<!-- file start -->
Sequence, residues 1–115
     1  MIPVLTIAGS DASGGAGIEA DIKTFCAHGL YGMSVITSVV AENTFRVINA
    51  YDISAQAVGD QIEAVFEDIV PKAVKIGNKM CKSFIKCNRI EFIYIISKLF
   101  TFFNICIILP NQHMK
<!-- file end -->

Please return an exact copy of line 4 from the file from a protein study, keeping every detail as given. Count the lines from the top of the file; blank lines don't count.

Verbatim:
   101  TFFNICIILP NQHMK